Written by Mike Yoder, posted by Jason
“Our Beautiful Sad Dance” has a stark beauty that many of the earlier and later songs do not possess. It isn’t even overly theatrical or stilted however; the vocals bring flesh and blood emotions to life in such a way that you never question the track’s credibility. “Your Secret’s Safe”, thanks to its alluring vocal melody and sharp accessible lyrics, seems like it could be an ideal single for the band – there’s not a lot about this song the audience won’t be able to relate to. Their duet vocals on the song, once again, give it a quality it might otherwise lack and it works marvelously. “Madness” begins very deliberately, but it soon packs quite a punch and moves with a steady stride that makes it one of the second half’s most memorable performances. Tapestry of Shadows has a lot of sounds and makes quite an impression even with one listen. Later listens reveal even more riches.
Rating: 4 out of 5 stars
Heather Humphrey and Tom McKeown have sustained their songwriting partnership over the course of five albums, a radically altered musical landscape, and rapidly changing tastes that might have otherwise left them moored in the reefs. They have survived and prospered thanks to talent, above all else, but surely because of the personal connection they share that’s so strongly manifested in their work – and, moreover, the components of their individual personalities that allow them the latitude to keep their gaze resolutely focused on what they want to accomplish as an unit and exhibiting the necessary discipline to bring that off. Their latest album Tapestry of Shadows is a testament to their continued value as a recording, writing, and performing outfit and they’ve surrounded themselves with a supporting musical cast who gives the songs an unified band feel. It all, in the end, comes down to the unique confluence of their voices why Humphrey/McKeown still stand out and above after all these years.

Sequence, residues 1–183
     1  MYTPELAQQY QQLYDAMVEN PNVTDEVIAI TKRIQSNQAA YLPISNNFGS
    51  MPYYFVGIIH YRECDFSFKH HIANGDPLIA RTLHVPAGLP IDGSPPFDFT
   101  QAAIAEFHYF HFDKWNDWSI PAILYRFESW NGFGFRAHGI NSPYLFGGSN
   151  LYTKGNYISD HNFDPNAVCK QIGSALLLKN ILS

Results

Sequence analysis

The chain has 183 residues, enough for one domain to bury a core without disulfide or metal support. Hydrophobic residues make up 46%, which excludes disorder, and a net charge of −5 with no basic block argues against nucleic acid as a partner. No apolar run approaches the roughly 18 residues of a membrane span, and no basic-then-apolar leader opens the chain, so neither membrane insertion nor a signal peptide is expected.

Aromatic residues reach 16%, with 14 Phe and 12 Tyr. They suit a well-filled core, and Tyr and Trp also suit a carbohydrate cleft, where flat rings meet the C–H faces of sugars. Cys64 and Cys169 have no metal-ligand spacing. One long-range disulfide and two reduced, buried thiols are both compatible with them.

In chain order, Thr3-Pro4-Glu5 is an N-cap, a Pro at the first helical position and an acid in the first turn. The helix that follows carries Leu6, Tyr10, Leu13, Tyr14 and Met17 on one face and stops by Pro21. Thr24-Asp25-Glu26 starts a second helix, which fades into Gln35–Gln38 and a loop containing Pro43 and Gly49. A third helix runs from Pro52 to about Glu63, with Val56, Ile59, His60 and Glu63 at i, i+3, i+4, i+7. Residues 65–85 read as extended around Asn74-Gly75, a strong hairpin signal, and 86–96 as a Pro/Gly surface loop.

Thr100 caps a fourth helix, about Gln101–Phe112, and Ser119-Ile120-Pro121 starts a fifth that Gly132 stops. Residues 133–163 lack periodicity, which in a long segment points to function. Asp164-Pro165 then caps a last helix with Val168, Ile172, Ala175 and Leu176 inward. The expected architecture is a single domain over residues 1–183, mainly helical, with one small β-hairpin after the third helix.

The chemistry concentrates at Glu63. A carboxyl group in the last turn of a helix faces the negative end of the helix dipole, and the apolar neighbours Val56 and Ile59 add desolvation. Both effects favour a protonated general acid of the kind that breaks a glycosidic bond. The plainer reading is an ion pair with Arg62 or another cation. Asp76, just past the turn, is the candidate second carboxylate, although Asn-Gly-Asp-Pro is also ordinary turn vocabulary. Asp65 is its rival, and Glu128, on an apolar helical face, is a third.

It’s the songwriting quality too. I defy anyone who claims to be a fan of singer/songwriter driven music, blues, classic country, and bluegrass to hear the opener “Beautiful” for the first time and not be bowled over by the completeness of sound, the seamless entwining of their voices, and the exceptional lyrical content This is the sort of composition and performance that drags traditional music out from beneath its pinned-like-a-butterfly-under-glass existence and restores it to brilliant modern life with the sort of uncluttered, lush instrumentation that only rare performers can manage. “You Don’t Know Me” is steered by McKeown’s voice, primarily, but it’s a wrenching tune in any great singer’s hands. The vocal makes the most of their moment by digging deeply into the phrasing potential. “Flower on the Wall” is a beautifully wrought mid tempo number with just the right amount of spacing between the instruments and a rambling, loose confidence that will immediately lure listeners in. Humphrey/McKeown hit a peak of sorts on the release with their vocal performance on the track “Someday”. One of the best parts of their harmony work is how it is clearly never intended to land with unerring accuracy. Their voices are extraordinarily complementary, but there’s a suggestion of spontaneity pervading every passage that many will find quite entertaining.
Rating: 4 out of 5 stars